Wood waste recyclers: how to decide which high-volume grinder is right for you.

Arbor Age; 5/1/2006; Peterson, P.D



It has allowed many tree care professionals to complete a cleanup job quickly and efficiently. Still, there are situations in which the wood chipper is not the best tool for the job at hand.

Perhaps you are clearing a large lot, with several large root balls and other woody debris to dispose of when the job is done. Or perhaps there is a large amount of hardwood on the site and it seems a shame to just chip it up and haul it away--and pay a tipping fee for the privilege. Either of these scenarios is a perfect situation for using either a tub grinder or horizontal grinder to reduce the wood debris into useable (and profitable) mulch.

Tub and horizontal grinders use a hammermill to reduce wood (and other products, depending on how you spec the machine) into uniform particles. Some companies even offer a coloring unit so you can produce colored mulch.

Of course, these machines have differing characteristics, which should be taken unto account before you decide on which machine is best for you.

Tub grinders

Tub grinders are loaded from the top into a tub. Tub grinders are generally equipped with a loader, so no other piece of equipment is needed to feed the machine. They are available with hydraulic tub tilt, which makes service and unloading easy. And tub grinders are very productive; once the tub is loaded, it will happily chew away until the material is gone--making it ideal for large sites. Tubs can digest large objects, roots, stumps, etc., very well.

Tubs have changed over the years, with manufacturers offering hydraulic and "soft" couplers between the grinder and the power plant to reduce the likelihood of damage caused by a sudden stoppage, and debris guards to reduce the amount of expelled material.

Horizontal grinders

Horizontal grinders, as the name implies, are parallel to the ground, and are fed by a conveyor onto which the material to be ground is placed.

One advantage of horizontal grinders is portability; many of them are on tracks and can be driven about the job site. They are also easy to set up and take down.

Since they are conveyer fed, horizontal grinders tend to do better with long, stringy material than tubs, and they enjoy less flying debris due to their orientation. If you are working in a neighborhood or urban environment, a horizontal grinder is an excellent choice. But again, manufacturers are making both types for a reason, depending on what you are doing.

Things They Should Both Have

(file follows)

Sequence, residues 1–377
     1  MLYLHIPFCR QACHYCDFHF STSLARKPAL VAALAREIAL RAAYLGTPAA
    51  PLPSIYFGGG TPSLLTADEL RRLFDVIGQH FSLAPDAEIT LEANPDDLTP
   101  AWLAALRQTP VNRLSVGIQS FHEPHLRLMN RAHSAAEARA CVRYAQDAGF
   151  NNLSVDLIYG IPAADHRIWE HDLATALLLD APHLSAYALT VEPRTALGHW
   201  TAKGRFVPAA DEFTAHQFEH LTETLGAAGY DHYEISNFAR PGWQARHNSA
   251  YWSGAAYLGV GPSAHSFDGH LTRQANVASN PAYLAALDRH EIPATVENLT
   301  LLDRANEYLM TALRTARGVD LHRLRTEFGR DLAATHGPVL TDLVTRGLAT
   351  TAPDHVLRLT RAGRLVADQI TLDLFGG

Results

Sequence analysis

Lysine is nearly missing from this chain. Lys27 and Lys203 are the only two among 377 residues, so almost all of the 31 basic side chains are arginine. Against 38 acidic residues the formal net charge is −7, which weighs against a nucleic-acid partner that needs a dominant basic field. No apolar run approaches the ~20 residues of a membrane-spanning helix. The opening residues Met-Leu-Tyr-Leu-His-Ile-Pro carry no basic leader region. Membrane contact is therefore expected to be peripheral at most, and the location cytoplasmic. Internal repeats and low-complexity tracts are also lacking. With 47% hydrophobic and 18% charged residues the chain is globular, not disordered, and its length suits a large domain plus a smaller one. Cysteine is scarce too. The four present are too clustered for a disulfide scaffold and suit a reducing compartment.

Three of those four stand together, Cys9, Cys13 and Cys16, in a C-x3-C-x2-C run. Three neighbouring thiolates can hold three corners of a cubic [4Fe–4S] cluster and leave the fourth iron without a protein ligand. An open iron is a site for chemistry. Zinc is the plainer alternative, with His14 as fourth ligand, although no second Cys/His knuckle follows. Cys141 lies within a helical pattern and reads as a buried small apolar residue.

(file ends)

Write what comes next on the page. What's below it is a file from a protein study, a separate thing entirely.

Whether you are looking at a horizontal or tub grinder, you are going to be spending several thousand, in some cases more than one hundred thousand, dollars for a quality grinder. Given the level of money you will be spending, you owe it to yourself to do the research and make sure the purchase is one with which you will be happy.

Make sure that the company you are considering doing business with has the service personnel and resources to keep your machine running once it leaves the factory. Ask about their parts inventories, service turnaround time and warranty information. Ask other contractors who are grinding what they like or don't like about the service they are getting.

Also, try calling the parts department and ask for several parts for the machine you are considering. They should always have common wear parts in stock, and they should have a quick turnaround time on items they don't have.

The type of sales force a company has also says a lot about the way you will be treated later. A good salesperson is interested in making sure you are getting the machine you need. They will take the time to answer all your questions, and ask a few questions of their own so they can properly match you with the right piece of equipment.

Look over the machine closely. Does it have plenty of safety features? Are the controls easy to understand and labeled well? Service is something you will be doing some of in the field, so how easy is it to get to routine wear items? Is the machine equipped with a power train protection device of some kind, and, if so, is it easily repairable if it fails?

Finally, make sure you are buying a large enough machine to do the type of grinding you will be doing this year, next year, and beyond. Grinders are a long-term investment, so make sure you get one that will handle the growth of your business as well as it handles debris.

P.D. Peterson has been associated with the outdoor power industry for more than 15 years, as a technician, service manager and writer. He is an expert in the field of outdoor power equipment. He may be reached at